This week, I’ve been thinking almost about nothing else. This month, I read and thought about 36 submissions. It’s the hardest thing I’ve ever had to do.

This process has taught me about reading. Or maybe I should say: reading like an editor. Or maybe: what an editor must do on a regular basis. Or maybe the problem is I am wishy washy!! Every day, when I look at the manuscripts, I think of Laura and I wish I knew her. I feel her enthusiasm and heart every time I sit down to read. I feel the weight of the responsibility.

I did not totally expect this.

I am used to reading manuscripts and stories of writers who I’m already working with. I open the document and I read–the first time like a reader. Then like a writer. That hasn’t changed. After reading all 36 submissions, I see so much potential. So many interesting characters. So many stories I would LOVE to work on.

I thought the perfect story would jump out at me.

The problem is: it has. All 36 times.

So what have I learned? What can I say about this process that might give you some insight as you start to submit?

  1. The first line is so important. I cannot say that enough. The first line tells me so much about the writer and the story. It tells me if the writer is fearless or if she is still dipping her toe. If she knows her character or if she is still unsure. The first line prepares me for the POV. The genre. The tone of the story. Time. Space.

This is true for every chapter’s first line. And every chapter’s last line, too.

Great first and last lines tell me that the writer has thought about pacing. It tells me that the writer knows where her story is going. It makes me want to read the whole thing.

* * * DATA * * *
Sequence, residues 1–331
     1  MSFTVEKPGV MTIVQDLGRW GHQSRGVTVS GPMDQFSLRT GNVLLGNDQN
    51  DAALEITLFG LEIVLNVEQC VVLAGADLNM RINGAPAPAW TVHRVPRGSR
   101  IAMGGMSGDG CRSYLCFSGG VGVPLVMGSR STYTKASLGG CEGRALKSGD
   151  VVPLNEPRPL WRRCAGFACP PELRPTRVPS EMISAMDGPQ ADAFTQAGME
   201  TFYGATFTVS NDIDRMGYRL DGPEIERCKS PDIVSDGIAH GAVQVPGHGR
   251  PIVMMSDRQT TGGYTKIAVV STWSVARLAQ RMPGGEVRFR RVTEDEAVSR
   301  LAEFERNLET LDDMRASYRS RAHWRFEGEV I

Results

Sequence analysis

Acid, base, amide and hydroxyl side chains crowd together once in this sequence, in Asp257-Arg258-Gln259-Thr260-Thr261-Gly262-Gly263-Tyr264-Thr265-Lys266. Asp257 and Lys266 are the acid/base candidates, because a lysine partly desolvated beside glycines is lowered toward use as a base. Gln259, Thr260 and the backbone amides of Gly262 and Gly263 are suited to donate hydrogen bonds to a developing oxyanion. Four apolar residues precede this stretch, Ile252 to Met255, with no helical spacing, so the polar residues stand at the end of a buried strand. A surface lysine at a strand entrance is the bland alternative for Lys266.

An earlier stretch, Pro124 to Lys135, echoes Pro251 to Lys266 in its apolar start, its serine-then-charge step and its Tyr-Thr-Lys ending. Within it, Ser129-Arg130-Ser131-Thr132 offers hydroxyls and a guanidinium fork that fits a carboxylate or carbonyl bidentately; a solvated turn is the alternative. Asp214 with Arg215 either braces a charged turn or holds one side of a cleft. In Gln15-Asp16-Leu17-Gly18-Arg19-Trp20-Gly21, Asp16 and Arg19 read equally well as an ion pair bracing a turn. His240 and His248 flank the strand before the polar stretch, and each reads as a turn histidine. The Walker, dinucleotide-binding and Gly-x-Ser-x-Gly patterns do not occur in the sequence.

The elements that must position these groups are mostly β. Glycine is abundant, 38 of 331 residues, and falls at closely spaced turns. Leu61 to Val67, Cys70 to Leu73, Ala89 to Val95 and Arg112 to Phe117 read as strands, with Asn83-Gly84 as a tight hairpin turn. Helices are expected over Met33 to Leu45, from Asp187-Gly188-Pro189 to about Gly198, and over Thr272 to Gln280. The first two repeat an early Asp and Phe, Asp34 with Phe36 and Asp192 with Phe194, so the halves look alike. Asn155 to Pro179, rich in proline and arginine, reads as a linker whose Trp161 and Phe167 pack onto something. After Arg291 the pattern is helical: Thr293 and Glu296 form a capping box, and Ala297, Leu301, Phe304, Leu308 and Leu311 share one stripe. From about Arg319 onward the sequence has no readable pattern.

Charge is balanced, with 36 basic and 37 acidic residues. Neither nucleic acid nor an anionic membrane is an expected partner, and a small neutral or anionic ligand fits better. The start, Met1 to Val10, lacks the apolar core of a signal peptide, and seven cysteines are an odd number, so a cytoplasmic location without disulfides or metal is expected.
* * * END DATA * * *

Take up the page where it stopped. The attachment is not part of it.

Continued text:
**One of the BEST TIPS I ever received was from writer, Barbara O’Connor. She makes a list of all the first and last lines in her draft. It’s a GREAT way to analyze your pacing and see if you are managing your storytelling in parts that make sense. 

  1. CHARACTER. CHARACTER. CHARACTER.

It is all about the characters!

The stories I can’t forget–that I’m grappling with–have interesting plots. But that’s because they already have distinct characters. Some are funny. Some are miserable. All are interesting. ALL YEARN FOR SOMETHING. There is some action early. Even if it comes too early, it is there.

  1. It’s about me, too. This is the hardest part for me to admit. The story has to appeal to me. The writing has to appeal to me. The writer’s topics must be interesting to me. I’m reading and wondering: who can I help the most? Will this story be fun to read five or six or ten times? (Sometimes a no really means no, not for me, but yes for someone else!)
  1. There can only be one. Oh, man. I hate saying no. I wake up thinking of ways I could say yes to at least six or seven or maybe all 36. I could start a class. Or a new workshop. I think about the story that will ultimately come in second and already, I feel awful!!! And I remember what that feels like–to come in second. And I think: how can I make this writer understand that her story has great, strong, amazing legs? And then I wonder if I’m making the wrong choice. I read the above quotes. Argh! I walk around the room second-guessing myself. I debate calling the organizers and asking if I can take two. Or three. Or four.

I remember when I was a young mother, I would take my kids into NYC for the day and tell them they could “beg” for one thing. (I really couldn’t say no to them either!!!) Most of the time, this worked. They waited until they saw something (a thing or an activity) they really wanted to do, and then the begging and giggling would commence. But a lot of the time, it meant, they never begged for anything. They held it in, waiting for something else to come along. Just in case. It gave me the opportunity to say no without saying no. It also gave me opportunities to surprise them with gifts and treats and celebration.

I also remember needing a “magic hat” to help me choose the advisors I wanted to work with during a semester at VCFA. My friends and I would write down all the names of the teachers we were considering. And then we would pull out names, one at a time. This was a sort of gut check. For me, if I felt great, I added the teacher to my list. It also relieved a lot of stress.